Skip to content
Join our Newsletter
Join our Newsletter

Voluntary water meter program makes comeback

The city is bringing back its water meter program for residents interested in keeping a closer eye on what's going down the drain.
water meter

The city is bringing back its water meter program for residents interested in keeping a closer eye on what's going down the drain.

On Monday night, city council approved bringing back the voluntary water meter program, where homeowners who currently pay a fixed water rate and are willing to take on the cost of installation, can get a free water meter from the city.

The city will make 100 meters available, on a first-come, first-served basis, costing about $63,000 from the water utility. The expenses includes the cost of the meter ($451), plumbing permit fee ($140) and administrative and delivery costs.

Homeowner costs "could vary greatly depending on the installation location of the meter in the home," said a staff report. For example, installing the meter in an unfinished basement would cost less than a finished space.

When the concept was first raised by Mayor Lyn Hall in September, the public works director said the installation of meters could cost between $900 and $1,000 during the initial run of the program that was part of water conservation plan put in place in 2005.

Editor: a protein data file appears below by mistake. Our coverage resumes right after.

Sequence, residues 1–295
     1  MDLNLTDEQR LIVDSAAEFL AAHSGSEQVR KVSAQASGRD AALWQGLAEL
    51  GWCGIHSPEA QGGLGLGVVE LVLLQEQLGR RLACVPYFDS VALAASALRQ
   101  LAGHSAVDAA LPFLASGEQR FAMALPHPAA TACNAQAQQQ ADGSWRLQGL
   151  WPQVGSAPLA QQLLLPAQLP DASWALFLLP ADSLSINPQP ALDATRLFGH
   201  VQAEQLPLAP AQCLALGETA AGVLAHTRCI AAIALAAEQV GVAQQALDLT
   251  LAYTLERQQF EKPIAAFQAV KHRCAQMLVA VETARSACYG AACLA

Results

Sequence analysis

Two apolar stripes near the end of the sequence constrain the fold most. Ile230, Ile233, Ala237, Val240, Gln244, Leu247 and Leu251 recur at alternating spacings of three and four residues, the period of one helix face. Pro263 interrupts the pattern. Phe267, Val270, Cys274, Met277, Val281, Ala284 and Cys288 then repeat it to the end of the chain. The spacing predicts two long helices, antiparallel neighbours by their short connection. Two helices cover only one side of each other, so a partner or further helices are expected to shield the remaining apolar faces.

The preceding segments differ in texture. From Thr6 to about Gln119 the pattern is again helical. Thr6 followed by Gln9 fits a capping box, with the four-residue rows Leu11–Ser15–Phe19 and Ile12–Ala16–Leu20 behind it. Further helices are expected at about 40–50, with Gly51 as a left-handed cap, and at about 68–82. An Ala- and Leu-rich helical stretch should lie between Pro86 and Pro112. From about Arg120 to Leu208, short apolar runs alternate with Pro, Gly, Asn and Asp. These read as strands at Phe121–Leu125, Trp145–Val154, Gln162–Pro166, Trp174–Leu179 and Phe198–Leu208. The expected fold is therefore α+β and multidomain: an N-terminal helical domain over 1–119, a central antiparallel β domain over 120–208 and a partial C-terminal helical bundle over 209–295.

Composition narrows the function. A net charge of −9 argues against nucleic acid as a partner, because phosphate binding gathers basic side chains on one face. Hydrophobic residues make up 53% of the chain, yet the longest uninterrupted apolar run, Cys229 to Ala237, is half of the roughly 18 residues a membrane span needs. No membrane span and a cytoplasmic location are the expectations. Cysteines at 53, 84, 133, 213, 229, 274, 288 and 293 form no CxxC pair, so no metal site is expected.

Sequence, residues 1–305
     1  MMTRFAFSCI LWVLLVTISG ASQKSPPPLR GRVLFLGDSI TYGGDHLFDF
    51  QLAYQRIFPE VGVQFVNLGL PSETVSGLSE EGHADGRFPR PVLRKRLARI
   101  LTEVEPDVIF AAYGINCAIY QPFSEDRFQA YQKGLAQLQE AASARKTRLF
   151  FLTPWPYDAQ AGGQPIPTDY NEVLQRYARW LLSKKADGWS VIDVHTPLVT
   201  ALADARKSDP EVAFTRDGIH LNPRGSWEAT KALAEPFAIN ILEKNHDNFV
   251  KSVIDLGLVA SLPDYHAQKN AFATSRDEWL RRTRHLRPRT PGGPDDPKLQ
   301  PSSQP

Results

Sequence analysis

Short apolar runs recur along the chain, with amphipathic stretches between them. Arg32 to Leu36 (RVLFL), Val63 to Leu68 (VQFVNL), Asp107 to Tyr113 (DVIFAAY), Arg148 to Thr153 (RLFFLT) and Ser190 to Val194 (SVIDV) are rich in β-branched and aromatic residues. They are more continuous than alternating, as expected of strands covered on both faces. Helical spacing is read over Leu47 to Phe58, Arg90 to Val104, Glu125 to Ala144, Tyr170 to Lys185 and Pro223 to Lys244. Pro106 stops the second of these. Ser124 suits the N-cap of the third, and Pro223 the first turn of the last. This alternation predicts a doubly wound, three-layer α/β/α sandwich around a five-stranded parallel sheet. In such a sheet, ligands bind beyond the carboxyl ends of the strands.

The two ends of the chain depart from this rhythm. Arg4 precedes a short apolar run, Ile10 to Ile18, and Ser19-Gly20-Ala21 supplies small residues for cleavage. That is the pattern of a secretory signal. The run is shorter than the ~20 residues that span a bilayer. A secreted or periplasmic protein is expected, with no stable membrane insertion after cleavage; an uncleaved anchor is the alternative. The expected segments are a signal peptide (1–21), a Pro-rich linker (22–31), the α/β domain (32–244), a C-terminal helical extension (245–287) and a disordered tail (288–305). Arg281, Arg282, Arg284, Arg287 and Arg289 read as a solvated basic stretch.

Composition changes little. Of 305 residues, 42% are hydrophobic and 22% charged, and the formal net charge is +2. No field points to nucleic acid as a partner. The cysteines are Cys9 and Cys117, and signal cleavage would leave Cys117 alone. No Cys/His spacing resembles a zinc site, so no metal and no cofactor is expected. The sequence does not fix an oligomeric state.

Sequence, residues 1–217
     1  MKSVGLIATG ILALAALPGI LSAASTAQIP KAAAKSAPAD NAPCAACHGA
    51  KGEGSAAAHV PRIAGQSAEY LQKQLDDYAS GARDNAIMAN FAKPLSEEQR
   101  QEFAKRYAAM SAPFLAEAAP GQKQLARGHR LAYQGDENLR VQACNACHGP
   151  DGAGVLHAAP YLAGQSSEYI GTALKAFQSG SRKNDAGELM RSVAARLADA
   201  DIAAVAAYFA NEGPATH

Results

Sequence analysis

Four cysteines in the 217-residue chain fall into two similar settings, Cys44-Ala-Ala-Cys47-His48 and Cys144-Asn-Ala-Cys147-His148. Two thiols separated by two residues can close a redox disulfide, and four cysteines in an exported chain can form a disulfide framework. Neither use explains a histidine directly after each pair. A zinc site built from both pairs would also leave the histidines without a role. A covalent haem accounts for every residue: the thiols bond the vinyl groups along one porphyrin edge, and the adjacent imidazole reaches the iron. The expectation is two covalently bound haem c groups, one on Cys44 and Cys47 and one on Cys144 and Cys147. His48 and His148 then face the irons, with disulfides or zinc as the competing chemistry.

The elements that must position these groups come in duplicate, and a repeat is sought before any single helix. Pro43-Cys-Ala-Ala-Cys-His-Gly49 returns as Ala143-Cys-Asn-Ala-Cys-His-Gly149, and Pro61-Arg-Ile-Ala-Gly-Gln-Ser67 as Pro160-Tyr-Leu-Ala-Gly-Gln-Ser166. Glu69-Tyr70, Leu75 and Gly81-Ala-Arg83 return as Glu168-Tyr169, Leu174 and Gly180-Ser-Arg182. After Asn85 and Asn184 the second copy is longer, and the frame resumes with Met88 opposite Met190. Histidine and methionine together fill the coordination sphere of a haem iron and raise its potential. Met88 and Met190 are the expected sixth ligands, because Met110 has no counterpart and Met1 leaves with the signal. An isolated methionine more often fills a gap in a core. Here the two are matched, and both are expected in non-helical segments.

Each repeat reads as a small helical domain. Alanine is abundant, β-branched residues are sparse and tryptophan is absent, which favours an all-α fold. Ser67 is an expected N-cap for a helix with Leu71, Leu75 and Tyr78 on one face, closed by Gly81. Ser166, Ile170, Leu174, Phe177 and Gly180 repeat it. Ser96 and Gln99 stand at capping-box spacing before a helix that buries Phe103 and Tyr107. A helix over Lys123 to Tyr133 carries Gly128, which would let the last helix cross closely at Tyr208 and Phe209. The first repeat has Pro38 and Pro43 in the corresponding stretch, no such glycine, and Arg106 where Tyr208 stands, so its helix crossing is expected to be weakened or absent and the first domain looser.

The city offered a voluntary water meter program and over a three-year span, 58 homes participated. These homes experienced an average 30 per cent decrease in water usage, according to a public works staff report.

Among the benefits of water metering cited were: more accurate water consumption tracking, more-precise knowledge of system leaks and onsite monitoring for customers to ensure proper billing.

"Apart from financial benefits of the utility of reducing water usage through decreased pumping and treatment costs, water meters promote water conservation by giving customers a means to measure their consumption and thus encouraging greater efforts to detect and repair water leaks that can waste thousands of litres of water every year," said the staff report.

Since 2005, the average daily demand for water decreased from 600 litres to 524 litres per capita, which staff said is encouraging, but that it's still higher than the provincial average of 350 litres per capita.

During the summer months, the maximum day demand was measured at 1,178 litres per day.

This summer, high temperatures and a heavy draw on city reservoirs prompted the city to take the unusual step of implementing a four-day watering ban.

An updated water conservation plan is expected to come before city council next spring.

"The plan indicates that the implementation of any type of water meter program, which included education programs about water conservation strategies, will reduce consumption of water and therefore produce a savings for both the property owner and the water utility," said the staff report.